In a few weeks, landscapers will venture forth to begin their season. To many, they represent harbingers of spring and nature’s renewal.
For others, their emergence means putting up with the noise (and worse) of power equipment—with backpack blowers being the chief culprit.
Last year, the Town of North Hempstead, responding to residents’ complaints, proposed a modification of the section of its code titled “Noise.” It was slated to be voted on at the Sept. 26 town board meeting. However, councilmembers postponed a decision after dozens of landscapers showed up to protest some of the proposed restrictions.
As outlined by Supervisor Judi Bosworth, the law would ban gas-powered leaf blowers between June 30 and Sept. 30 for landscapers. Use would be restricted to the heavy spring and fall clean-up periods. It would take effect in June of 2019 to give time for battery-powered equipment to continue to improve.
To reach a balance between conflicting interests, the town pledged to establish a landscaper advisory board to work on improving the law and its enforcement.
At both the Jan. 9 and Jan. 30 town board meetings, Al Franklin of New Hyde Park quizzed the town leaders on the status of the legislation.
“I have almost no words left to say on this issue,” Franklin commented. “The hazards, the poisons from the exhausts. The quality of life. You all know. A landscaper comes on to the property, fires up the blowers—it’s the first item off the truck. Then cuts the grass, and then blows again. My house is filling up with fumes. I don’t have central air. My windows are open all summer….I have no choice. I have no option. I have to stay in New Hyde Park and put up with this. [Landscapers] have options. Electric blowers are available.”
Bosworth responded, “Mr. Franklin, we have been gathering lots of information and different studies. We’re in the process of finalizing a committee that will be meeting soon.”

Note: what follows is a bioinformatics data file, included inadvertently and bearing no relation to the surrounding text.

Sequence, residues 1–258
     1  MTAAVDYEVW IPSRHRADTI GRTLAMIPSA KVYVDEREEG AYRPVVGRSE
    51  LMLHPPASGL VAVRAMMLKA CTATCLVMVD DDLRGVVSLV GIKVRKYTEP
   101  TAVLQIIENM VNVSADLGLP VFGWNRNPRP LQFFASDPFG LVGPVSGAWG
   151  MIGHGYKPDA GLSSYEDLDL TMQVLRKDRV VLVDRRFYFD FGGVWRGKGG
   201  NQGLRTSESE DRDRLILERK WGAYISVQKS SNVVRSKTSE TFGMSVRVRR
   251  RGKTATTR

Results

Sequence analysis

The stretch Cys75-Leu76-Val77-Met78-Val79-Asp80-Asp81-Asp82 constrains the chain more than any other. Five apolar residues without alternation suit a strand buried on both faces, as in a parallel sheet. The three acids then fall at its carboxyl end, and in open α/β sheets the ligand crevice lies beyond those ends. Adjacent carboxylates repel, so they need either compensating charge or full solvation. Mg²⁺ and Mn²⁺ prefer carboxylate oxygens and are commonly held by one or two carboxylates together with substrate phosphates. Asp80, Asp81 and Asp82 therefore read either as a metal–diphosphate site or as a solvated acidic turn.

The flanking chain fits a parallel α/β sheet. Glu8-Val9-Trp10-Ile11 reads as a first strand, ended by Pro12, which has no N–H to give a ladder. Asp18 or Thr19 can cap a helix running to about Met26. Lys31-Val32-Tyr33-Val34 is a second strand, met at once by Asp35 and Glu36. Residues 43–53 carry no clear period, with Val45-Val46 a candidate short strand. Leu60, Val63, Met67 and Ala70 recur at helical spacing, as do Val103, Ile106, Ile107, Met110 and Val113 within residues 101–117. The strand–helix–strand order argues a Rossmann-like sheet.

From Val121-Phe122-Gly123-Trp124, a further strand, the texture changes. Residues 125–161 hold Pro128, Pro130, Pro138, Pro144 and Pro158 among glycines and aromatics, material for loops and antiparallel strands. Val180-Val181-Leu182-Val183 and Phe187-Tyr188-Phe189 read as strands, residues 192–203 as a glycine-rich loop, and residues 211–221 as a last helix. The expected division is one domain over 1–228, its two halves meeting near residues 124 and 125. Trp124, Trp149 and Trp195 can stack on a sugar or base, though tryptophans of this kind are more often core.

She called on Jill Weber, commissioner of parks, who said, “We put together a list of potential people to represent the town and business community. We met to discuss the potential candidates a few weeks ago…it should happen soon.”
Weber talked about her department’s pilot program using electric-powered leaf blowers. They work well when you didn’t need a lot of power, she observed. When the leaves were wet and heavy, they weren’t powerful enough. The town will continue experimenting to see how long the battery charge will last.
“We’re buying some additional equipment to continue piloting,” Weber said.
Franklin believed that using electric blowers would contribute to improving the quality of life, speculating that landscapers would not be able to use them excessively, compared to gas-powered models.
“We’ll be taking all that into consideration, and hopefully we’ll have some news about how we’re going forward very quickly,” Weber noted.
Bosworth said, “We want to…come up with something that…will be palatable to the landscapers as well as helping our residents to make sure it’s not negatively impacting their quality of life.”
At the Jan. 30 meeting, in response to resident Juliane Saary-Littman, Weber again emphasized that the town was in the process of testing out new equipment. When asked about the landscaping advisory committee, she called on Elizabeth Botwin, the town attorney.
Botwin said, “We’re still putting together the committee and working on revisions to the proposed law. It will be sent back to the board after we work it through the committee. We have not formed the committee yet. We’re still going through all the different interests that are involved…We want to get something in place before the spring season.”
Franklin mentioned towns that are moving toward banning blowers, including Bedford in Westchester County and East Hampton.
“Let’s not use banning, it’s too severe,” Franklin reflected. “Phasing out sounds a little softer….You as elected officials represent me. We have to put restrictions on these ghastly blowers.”
Bosworth promised to have proposal legislation in place for the spring.
Councilman Angelo Ferrara told Franklin that the board was sympathetic.
“We hear you. We understand there’s a problem. And we’re taking action to correct it,” Ferrara said.
Franklin asserted that he didn’t like coming to the meeting every month.
“I’m not a complainer,” he said.
As of press time, the town had not yet picked members of the advisory committee.